Happy’s Essential Skills: The Need for Total Quality Control (Six Sigma and Statistical Tools): Part 1

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In this first of many columns covering my "Twenty-Five Essential Skills Every Engineer Needs to Learn," I will expand on each of those skills. To read the introduction to this series, which published in the January issue of The PCB Magazine, click here. As a quick recap, here are the 25 skills that I will be writing about over the next 18 months or so, to publish every three weeks or so in the PCB007 Daily Newsletter (if you are not yet a subscriber, click here to have the newsletter delivered to your inbox for free):

1. TQC/six sigma/statistics/curve fitting
2. Problem solving
3. Design of experiments
5. Information research on the Internet
6. Technical writing
7. Product/process life cycles
8. Learning curve/learning theory
9. Figure of merit/shared vision
10. Design for manufacturing/assembly
11. Managing management time
12. Project/program management
13. Benchmarking
14. Engineering economics/ROI/BET
15. Roadmapping
16. Quality functional deployment (House of Quality)
17. Automation strategy/CIM
18. Computer aided manufacturing
19. Recruiting and interviewing
20. METRICS—dimensional analysis
21. 10-Step business plan
22. Programmed instruction/long distance learning
23. Lean manufacturing/JIT/TOC
24. Technology awareness
25. Predictive engineering

Let's get started. The first topic is one of the most important: Total Quality Control (including six sigma, and statistical tools).

Total Quality Control (TQC)
Total Quality Control is the philosophy of continuous process improvement through statistical techniques and a commitment to excellence. TQC are systems for optimizing production based on ideas developed by Japanese industries since the 1950s. This term has evolved into Total Quality Management (TQM) and Six Sigma (6σ). The system, which blends Western and Eastern ideas, began with the concept of quality circles, in which groups of 10–20 workers were given responsibility for the quality of the products they produced. It gradually evolved into various techniques involving both workers and managers to maximize productivity and quality, including close monitoring of staff and excellent customer service.

The concept of kaizen—the notion that improvement must involve all members of a company—is central to TQC. It aims to radically transform the organization through progressive changes in the attitudes, practices, structures, and systems.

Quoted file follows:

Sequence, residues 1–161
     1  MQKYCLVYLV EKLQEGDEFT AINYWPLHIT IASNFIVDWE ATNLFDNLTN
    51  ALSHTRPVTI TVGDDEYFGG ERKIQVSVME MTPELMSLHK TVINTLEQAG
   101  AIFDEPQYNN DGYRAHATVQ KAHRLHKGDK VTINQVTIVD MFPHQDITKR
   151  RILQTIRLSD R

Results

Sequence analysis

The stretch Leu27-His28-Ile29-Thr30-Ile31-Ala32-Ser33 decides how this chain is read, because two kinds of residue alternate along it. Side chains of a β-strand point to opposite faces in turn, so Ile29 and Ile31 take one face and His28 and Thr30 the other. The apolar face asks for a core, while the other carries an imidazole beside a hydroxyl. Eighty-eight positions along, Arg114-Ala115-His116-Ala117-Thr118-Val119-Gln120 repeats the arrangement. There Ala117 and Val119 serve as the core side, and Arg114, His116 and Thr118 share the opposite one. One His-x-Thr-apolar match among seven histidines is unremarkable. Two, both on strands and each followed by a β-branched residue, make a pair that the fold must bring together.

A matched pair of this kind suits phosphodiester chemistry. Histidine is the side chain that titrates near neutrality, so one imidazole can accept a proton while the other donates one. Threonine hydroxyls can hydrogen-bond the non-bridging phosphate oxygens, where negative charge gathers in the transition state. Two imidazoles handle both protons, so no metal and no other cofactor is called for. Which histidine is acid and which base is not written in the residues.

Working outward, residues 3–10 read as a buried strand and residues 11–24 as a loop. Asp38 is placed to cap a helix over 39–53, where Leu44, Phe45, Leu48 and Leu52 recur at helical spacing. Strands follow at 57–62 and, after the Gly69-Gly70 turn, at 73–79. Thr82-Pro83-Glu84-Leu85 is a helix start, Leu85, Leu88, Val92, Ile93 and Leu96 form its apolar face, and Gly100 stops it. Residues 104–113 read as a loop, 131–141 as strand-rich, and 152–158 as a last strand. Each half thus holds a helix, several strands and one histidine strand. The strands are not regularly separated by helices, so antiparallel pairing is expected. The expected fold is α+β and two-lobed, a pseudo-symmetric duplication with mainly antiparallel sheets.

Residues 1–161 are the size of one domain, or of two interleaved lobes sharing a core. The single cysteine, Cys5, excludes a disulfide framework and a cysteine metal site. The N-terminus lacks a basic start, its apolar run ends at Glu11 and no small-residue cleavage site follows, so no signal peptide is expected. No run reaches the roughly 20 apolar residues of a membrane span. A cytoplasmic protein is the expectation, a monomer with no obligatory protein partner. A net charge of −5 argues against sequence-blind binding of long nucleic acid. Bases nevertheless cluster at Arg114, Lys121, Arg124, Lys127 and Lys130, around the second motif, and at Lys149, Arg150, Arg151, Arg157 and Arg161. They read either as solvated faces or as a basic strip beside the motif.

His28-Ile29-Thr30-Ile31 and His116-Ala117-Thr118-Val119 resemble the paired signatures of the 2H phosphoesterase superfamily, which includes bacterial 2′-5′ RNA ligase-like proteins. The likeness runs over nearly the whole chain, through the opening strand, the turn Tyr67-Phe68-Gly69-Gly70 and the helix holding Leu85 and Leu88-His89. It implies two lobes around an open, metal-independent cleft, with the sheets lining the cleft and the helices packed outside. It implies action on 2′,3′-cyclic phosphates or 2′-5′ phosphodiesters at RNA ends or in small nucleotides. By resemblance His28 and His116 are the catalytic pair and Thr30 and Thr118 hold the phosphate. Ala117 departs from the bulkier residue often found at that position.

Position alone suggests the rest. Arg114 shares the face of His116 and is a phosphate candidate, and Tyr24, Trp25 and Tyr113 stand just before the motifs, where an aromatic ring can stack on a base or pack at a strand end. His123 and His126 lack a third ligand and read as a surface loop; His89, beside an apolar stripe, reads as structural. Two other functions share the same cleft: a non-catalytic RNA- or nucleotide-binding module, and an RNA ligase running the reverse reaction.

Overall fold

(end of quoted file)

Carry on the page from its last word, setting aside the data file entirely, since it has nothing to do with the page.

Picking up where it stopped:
Happy_Fig1.JPGFigure 1: Key links between quality, productivity and customer satisfaction.

Total quality control transcends the product quality approach, involves everyone in the organization, and encompasses its every function: administration, communications, distribution, manufacturing, marketing, planning, and training.

TQC views an organization as a collection of processes. It maintains that organizations must strive to improve continuously these processes by incorporating the knowledge and experiences of workers. The simple objective of TQC is "Do the right things, right the first time, every time." True improvements in quality of products and services have multiple positive effects on an organization, as shown in Figure 1: lower costs, lower prices, and increased customer satisfaction. Although originally applied to manufacturing operations, and for a number of years only used in that area, TQC is now becoming recognized as a generic management tool, just as applicable in service and public sector organizations. There are a number of evolutionary offshoots, like Six-Sigma, with different sectors creating their own versions from the common ancestor. TQC is the foundation for activities that include:

• Commitment to leadership by senior management and empowerment of all employees, from the top down
• Meeting of customer requirements
• Reduction of development cycle times
• Just in Time/demand flow manufacturing
• Improvement teams
• Reduction of product and service costs
• Systems to facilitate improvement
• Line management ownership
• Employee involvement and empowerment
• Recognition and celebration
• Challenging quantified goals and benchmarking
• Focus on processes/improvement plans
• Specific incorporation in strategic planning

This shows that TQC must be practiced in all activities, by all personnel, in manufacturing, marketing, engineering, R&D, sales, purchasing, and HR, etc.[1].



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